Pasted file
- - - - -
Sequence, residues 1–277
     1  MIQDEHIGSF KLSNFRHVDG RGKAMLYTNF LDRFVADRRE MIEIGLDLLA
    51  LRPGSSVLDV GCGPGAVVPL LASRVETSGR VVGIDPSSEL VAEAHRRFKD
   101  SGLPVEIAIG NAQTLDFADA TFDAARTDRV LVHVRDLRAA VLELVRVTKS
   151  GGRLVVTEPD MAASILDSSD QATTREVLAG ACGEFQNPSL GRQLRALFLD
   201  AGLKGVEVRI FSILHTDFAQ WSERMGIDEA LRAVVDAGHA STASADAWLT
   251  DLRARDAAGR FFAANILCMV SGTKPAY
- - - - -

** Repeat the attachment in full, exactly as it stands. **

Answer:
Sequence, residues 1–277
     1  MIQDEHIGSF KLSNFRHVDG RGKAMLYTNF LDRFVADRRE MIEIGLDLLA
    51  LRPGSSVLDV GCGPGAVVPL LASRVETSGR VVGIDPSSEL VAEAHRRFKD
   101  SGLPVEIAIG NAQTLDFADA TFDAARTDRV LVHVRDLRAA VLELVRVTKS
   151  GGRLVVTEPD MAASILDSSD QATTREVLAG ACGEFQNPSL GRQLRALFLD
   201  AGLKGVEVRI FSILHTDFAQ WSERMGIDEA LRAVVDAGHA STASADAWLT
   251  DLRARDAAGR FFAANILCMV SGTKPAY